Five nurses struck off over Parkside House neglect

Five care home nurses who neglected pensioners at a scandal-hit care-home where five residents died in a fortnight were struck off today.

Home manager Phyllis Johnson together with nurses Anastacia Madulu, Girlie Franklin, Maria McKenzie, and Mary Ombu allowed elderly men and women to exist on a diet of mainly porridge.

They suffered pressure sores so deep that the bone was exposed.

One elderly woman was found with skin that was ‘paper thin and dry’, the Nursing and Midwifery Council heard.

The abuse came to light after five residents aged between 83 and 100 died in just two weeks at the Parkside House Nursing Home in Northampton.

The chairman of the tribunal, Michael Cann, said the suffering of the elderly residents was a ‘direct result’ of the nurses’ neglect.

He said: “The panel is of the view that the residents of the home were elderly people, suffering from both mental and physical disabilities and in most cases were also assessed as lacking mental capacity to make decisions regarding their care.

“Those people were unable to care for themselves, extremely vulnerable and completely reliant on the registered nurses at the home.

“A number of residents were found to be suffering from severe grade four pressure sores which had not been correctly treated and which in some cases were so deep that tendons and/or bones were exposed.

“They were malnourished, some were dehydrated and lived in a care home that was described as run-down, filthy, and stocked with faulty or inappropriate equipment.”

The neglect at Parkside House emerged when an elderly woman was admitted to Northampton General Hospital on 21 July 2009 with agonising pressure sores on her heels which exposed her bones and tendons.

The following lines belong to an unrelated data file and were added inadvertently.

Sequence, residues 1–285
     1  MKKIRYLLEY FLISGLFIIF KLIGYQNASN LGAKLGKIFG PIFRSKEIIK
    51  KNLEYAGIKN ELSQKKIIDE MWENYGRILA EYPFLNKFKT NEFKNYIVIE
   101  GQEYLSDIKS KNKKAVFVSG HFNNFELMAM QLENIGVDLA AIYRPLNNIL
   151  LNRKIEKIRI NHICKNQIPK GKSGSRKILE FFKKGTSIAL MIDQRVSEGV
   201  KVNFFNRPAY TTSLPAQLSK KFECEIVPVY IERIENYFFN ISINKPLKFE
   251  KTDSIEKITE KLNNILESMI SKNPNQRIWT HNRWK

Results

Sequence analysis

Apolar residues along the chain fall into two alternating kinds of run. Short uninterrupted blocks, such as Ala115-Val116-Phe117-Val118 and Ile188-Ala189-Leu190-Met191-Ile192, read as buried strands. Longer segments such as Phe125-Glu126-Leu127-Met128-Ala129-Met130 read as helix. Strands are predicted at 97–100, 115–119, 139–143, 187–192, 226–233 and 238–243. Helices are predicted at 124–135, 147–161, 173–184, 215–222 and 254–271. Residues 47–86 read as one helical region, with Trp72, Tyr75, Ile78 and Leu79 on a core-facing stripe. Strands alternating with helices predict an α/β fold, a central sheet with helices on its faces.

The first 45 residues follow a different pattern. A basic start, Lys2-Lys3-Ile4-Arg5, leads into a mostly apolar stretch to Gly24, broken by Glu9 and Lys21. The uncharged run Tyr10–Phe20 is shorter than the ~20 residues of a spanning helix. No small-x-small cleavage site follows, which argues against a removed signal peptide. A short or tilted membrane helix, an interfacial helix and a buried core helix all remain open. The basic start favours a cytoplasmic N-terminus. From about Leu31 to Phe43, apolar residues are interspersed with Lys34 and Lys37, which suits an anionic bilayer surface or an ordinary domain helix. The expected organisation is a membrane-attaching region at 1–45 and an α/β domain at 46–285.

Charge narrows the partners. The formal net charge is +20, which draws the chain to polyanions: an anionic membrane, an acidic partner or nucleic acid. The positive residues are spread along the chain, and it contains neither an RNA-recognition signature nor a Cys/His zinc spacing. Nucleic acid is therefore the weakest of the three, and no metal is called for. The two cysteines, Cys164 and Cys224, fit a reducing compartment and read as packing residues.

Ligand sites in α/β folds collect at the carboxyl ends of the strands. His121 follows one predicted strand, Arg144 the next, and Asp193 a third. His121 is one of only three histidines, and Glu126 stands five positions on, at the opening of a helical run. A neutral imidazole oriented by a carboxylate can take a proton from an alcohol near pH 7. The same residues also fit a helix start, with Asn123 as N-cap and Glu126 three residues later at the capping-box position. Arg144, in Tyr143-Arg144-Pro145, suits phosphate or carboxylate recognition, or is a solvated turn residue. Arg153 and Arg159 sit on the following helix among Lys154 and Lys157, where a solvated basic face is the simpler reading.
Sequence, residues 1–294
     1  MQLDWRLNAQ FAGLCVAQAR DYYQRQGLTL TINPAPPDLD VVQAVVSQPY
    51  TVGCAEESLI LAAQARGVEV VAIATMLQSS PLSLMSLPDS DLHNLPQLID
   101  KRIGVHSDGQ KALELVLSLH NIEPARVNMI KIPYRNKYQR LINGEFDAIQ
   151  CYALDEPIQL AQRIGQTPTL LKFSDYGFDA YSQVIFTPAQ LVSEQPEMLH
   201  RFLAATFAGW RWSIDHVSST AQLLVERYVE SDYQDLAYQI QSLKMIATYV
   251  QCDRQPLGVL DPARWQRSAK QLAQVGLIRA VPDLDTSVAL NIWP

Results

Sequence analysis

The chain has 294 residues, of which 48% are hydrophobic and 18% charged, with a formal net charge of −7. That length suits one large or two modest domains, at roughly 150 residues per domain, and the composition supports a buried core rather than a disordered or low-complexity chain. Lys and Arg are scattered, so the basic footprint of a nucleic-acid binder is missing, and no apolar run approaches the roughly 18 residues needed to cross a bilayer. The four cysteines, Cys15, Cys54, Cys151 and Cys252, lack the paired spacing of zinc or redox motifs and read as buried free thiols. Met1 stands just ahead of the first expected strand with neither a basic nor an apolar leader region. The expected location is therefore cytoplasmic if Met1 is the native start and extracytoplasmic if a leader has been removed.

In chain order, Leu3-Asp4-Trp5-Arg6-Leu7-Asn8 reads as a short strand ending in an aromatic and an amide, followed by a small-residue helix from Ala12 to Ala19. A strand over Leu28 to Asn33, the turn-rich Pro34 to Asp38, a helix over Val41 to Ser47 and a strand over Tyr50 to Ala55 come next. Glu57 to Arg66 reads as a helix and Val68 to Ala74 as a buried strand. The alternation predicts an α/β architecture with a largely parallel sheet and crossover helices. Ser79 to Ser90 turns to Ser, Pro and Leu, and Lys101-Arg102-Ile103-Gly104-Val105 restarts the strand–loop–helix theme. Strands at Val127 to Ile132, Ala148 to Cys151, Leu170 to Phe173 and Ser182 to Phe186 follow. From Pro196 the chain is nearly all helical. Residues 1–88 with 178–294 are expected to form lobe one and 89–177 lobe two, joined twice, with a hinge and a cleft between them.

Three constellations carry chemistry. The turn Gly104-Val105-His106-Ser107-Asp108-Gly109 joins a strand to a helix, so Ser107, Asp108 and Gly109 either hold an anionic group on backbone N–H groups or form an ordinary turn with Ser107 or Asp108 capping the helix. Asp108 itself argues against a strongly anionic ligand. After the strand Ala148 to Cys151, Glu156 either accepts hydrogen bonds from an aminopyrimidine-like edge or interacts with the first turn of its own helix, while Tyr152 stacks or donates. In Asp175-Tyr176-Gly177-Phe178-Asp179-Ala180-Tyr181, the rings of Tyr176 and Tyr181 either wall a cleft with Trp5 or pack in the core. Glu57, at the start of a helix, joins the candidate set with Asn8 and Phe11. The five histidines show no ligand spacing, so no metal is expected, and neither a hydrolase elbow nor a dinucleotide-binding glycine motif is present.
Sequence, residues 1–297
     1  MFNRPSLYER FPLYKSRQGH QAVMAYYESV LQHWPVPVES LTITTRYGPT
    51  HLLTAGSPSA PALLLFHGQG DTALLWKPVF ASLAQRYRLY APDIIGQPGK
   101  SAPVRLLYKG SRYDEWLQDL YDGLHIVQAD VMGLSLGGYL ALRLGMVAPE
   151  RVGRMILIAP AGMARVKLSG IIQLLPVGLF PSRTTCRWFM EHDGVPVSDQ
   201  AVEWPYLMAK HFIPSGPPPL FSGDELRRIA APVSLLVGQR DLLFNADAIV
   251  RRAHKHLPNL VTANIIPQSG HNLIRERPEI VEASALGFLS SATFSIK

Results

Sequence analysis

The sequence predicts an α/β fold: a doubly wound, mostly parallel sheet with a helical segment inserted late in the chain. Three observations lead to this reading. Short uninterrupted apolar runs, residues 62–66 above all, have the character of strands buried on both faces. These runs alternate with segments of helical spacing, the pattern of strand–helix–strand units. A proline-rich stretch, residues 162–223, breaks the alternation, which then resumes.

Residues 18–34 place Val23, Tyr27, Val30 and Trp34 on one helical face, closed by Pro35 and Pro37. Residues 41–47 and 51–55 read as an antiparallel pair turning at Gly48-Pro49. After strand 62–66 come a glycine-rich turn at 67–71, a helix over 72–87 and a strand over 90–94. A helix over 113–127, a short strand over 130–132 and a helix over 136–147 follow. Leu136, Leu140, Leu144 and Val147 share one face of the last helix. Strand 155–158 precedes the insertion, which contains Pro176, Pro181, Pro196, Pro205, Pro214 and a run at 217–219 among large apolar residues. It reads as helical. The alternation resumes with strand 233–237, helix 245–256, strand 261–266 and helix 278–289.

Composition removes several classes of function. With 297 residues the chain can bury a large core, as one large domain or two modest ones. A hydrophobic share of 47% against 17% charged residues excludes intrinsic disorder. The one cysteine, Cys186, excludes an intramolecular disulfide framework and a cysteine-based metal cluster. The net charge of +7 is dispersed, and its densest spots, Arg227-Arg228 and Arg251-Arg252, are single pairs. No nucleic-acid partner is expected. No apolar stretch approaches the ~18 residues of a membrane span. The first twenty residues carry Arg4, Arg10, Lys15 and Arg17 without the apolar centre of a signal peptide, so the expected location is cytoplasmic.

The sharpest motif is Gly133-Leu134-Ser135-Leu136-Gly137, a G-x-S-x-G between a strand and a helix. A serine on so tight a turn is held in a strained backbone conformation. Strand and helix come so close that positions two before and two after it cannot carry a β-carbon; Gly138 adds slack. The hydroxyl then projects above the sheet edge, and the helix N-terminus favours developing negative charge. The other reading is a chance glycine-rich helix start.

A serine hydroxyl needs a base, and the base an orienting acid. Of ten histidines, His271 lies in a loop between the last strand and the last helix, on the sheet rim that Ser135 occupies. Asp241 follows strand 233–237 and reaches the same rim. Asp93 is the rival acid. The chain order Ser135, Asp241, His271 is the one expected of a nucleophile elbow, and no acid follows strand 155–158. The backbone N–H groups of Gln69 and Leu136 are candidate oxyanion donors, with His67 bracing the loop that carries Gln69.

She died the following day, exhibiting signs of dehydration and malnourishment.

Another resident with severe pressure sores died on the same day, while three people were shipped out of the home over fears for their health.

The third vulnerable pensioner died in a community hospital on July 28 while two died in separate care homes on August 4 and 6.

Alzheimer’s sufferer Doreen Sheridan, aged 83, died on August 4 after contracting bronchopneumonia which doctors said was caused by a lack of movement.

A serious case review into the deaths found the ‘causes considered to be consistent with the effects of severe neglect’.

Healthcare manager Karen Stagg undertook an assessment of some of the residents on 24 July 2009 following ‘serious concerns’ about the care provided.

Mrs Stagg reported a series of fundamental failings, including staff who could not use basic equipment, residents fed ‘mainly porridge’ and meaningless care plans that were out of date.

One pressure sore she inspected was seven centimetres across and six centimetres deep - deep enough to ‘feel the bone’, the panel heard.

Parkside House’s remaining residents were moved out and its registration was cancelled.

Mr Cann said: “This is not just a case of wide ranging and multiple clinical failings over a significant period of time.

“This is also a case where clinical failings occurred because Ms Johnson showed a complete lack of care or empathy for the residents at the home.

“Ms Johnson had been warned by several other registrants that the nutrition provided was poor and the care was inadequate.

“Yet Ms Johnson did nothing for at least five months to resolve this situation and protect those vulnerable people.

“During this period Ms Johnson was also personally providing nursing care to those people on at least 79 separate days.”

The five were found to have failed to provide basic care for ten residents.